February 15, 2021
College of Education offers national virtual conference on attracting, retaining diverse teachers
The Kansas State University College of Education and its Center for Intercultural and Multilingual Advocacy are co-hosting a virtual conference March 5-6 to address one of teaching's most critical needs: attracting and retaining students of color to the profession.
"Beyond Envisioning Equity: Situating Teacher of Color Voices" is a two-day virtual event featuring national scholars, education practitioners and members of the larger educational community. The conference will highlight intersectionality; higher education recruitment, advising and retention; recruiting, inducting, mentoring and retaining teachers of color; preparing white educators for pedagogical action; and education policy.
The conference is designed for higher education faculty and administrators, student affairs professionals, academic advisors, policymakers, K-12 administrators, teachers and school counselors, members of community organizations and educational foundations, and postsecondary students. The fee for undergraduate and graduate students is $29, and the fee is $99 for professionals. For full conference details and registration, visit bit.ly/Beyond-Envisioning.
Conference speakers will seek to inform efforts to initiate and sustain change in schools and communities by engaging attendees in critical conversations and providing actionable recommendations and resources for next steps.
Among the featured speakers are Travis Bristol, University of California, Berkeley, whose work in urban education explores the professional pathways and experiences of Black male teachers; Davis Dixon, Hampton University, and Ashley Griffin, Bowie State University, whose collaborative work explores why teachers of color leave and what schools, districts and states can do to disrupt teacher turnover; Belinda Flores, University of Texas, whose work emphasizes career pathways for bilingual, Latina/o teachers and the development of culturally efficacious teachers and mentors; Felicia Mensah, Teachers College, Columbia University, whose work highlights racial literacy in teacher preparation programs to prepare educators to address issues of race and racism; Michael Hansen, Brookings Institution and Brown Center on Education Policy, whose research explores the impact of teacher diversity on student success; Rita Kohli, University of California, Riverside, whose scholarship illuminates the racialized experiences of K-12 teachers of color as they resist, reimagine, and reclaim education; and José Medina, José Medina: Educational Solutions, whose experiences and work surround intersectionality and language development for emergent bilinguals.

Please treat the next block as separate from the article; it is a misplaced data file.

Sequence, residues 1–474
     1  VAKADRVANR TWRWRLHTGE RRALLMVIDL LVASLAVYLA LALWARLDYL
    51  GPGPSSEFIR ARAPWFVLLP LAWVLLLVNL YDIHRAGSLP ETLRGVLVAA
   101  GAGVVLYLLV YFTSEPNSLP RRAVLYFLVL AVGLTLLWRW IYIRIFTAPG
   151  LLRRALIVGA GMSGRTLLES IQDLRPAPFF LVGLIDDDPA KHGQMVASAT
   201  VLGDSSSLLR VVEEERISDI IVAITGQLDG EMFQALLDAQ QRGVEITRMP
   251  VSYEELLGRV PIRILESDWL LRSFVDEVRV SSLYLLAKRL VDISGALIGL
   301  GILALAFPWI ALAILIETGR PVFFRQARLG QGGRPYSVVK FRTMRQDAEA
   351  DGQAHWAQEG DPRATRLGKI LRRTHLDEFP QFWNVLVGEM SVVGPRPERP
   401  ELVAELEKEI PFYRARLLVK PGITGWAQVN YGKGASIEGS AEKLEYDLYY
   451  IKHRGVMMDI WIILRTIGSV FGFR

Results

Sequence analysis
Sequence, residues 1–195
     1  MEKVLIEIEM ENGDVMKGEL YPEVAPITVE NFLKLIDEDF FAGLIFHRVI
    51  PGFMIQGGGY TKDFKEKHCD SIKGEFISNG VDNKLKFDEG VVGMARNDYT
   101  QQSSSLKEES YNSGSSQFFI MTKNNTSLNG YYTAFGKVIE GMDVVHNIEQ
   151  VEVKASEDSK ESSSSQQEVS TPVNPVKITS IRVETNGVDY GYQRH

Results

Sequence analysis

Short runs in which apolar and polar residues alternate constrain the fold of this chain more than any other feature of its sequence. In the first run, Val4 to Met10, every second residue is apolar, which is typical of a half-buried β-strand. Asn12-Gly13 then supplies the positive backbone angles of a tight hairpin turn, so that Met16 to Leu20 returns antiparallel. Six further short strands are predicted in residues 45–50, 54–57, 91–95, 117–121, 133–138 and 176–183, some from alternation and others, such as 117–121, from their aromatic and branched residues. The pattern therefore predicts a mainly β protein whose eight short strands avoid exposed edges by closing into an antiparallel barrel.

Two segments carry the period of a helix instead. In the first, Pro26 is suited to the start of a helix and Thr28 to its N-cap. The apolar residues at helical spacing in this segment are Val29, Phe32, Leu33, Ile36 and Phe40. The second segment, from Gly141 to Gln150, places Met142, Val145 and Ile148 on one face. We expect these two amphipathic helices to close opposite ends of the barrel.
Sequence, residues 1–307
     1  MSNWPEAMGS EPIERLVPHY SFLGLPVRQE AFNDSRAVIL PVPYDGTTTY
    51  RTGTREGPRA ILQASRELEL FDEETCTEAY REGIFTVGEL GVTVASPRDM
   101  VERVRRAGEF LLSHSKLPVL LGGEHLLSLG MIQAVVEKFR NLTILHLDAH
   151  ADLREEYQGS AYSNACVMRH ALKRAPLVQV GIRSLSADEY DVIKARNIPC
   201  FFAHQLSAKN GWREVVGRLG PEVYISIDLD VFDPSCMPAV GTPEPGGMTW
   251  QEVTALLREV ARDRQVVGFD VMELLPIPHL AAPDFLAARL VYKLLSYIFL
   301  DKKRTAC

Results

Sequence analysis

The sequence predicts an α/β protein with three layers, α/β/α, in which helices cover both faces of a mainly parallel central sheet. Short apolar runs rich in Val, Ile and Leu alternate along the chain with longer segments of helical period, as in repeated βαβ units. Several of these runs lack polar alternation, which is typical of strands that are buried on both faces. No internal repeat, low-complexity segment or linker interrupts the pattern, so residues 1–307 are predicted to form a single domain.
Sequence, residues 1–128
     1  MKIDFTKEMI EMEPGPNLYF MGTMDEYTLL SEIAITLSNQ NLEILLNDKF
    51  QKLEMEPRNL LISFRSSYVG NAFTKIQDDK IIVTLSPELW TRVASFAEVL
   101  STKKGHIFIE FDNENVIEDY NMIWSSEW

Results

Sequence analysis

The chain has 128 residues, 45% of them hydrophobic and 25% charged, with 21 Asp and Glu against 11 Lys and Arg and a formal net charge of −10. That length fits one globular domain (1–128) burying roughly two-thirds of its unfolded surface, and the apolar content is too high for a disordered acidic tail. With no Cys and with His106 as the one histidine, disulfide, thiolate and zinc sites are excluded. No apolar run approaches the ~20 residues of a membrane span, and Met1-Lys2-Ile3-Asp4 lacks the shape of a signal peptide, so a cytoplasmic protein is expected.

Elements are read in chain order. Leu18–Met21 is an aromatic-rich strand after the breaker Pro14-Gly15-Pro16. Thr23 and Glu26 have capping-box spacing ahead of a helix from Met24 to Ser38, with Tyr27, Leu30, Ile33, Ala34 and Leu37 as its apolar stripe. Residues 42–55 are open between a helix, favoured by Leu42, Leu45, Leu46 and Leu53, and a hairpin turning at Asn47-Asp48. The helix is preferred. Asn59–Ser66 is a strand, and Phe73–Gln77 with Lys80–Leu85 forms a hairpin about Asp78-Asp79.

The conference also will feature the debut of the K-State College of Education's latest documentary, "Besitos," which provides an inside look at how the BESITOS — or Bilingual/Bicultural Education Students Interacting to Obtain Success — recruitment and retention program model that ran from 1999-2013 provided a gateway to higher education for more than 200 students and graduated more than 100 teachers of color who now serve and lead in schools across Kansas and beyond.
Through multiple conference panel presentations, BESITOS alumni across Kansas will further explore how the program and their own identities and experiences as K-16 teachers and administrators have informed their current advocacy efforts. Among panelists are the five educators featured in the documentary: Jorge Estrella, program director at Dodge City Community College, and Maria Ortiz-Smith, education consultant at Southwest Plains Regional Service Center, Dodge City; Betty Sanchez, primary teacher at Village Elementary School, Emporia; Julia Morales, instructional coach at Florence Wilson Elementary School, Garden City; and Margarita Alcantara, a math teacher at Olathe North High School.
Socorro Herrera, executive director of the Center for Intercultural and Multicultural Advocacy, sees this conference as an opportunity for all those involved in equity work to focus on the urgent need to increase the representation, validation, and elevation of teachers of color in our educational spaces.
"Listening to the voices of scholars and educators of color brings truth to power," Herrera said. "An honest look at what is and is not working, and for whom, will support our united efforts to revision and recreate PK-12 classrooms for the future. We are living in a momentous era of great potential; now is the time to act and be part of the change."
Herrera's more than 25 years at K-State has allowed her to promote the recruitment, retention and preparation of teachers of color and white teacher allies. The BESITOS recruitment and retention program model provided a gateway to higher education for more than 200 students and graduated more than 100 teachers of color who now serve and lead in schools across Kansas and beyond.
Debbie Mercer, dean of the College of Education, said programs such as BESITOS and Call Me MISTER, the national program K-State adopted in 2016 to attract men of color to the teaching profession, are evidence of the college's pledge to increase the number of teachers of color in Kansas schools.
"Our college has been a leader in both advocacy and action in relation to attracting underrepresented populations to the teaching profession," Mercer said. "The Call Me MISTER program, our 'Besitos' documentary about its success and impact, and now, this equity conference are the latest examples of our longstanding commitment to diversity in education so that students can be anything they want to be — and hopefully, it will inspire many of them to be teachers."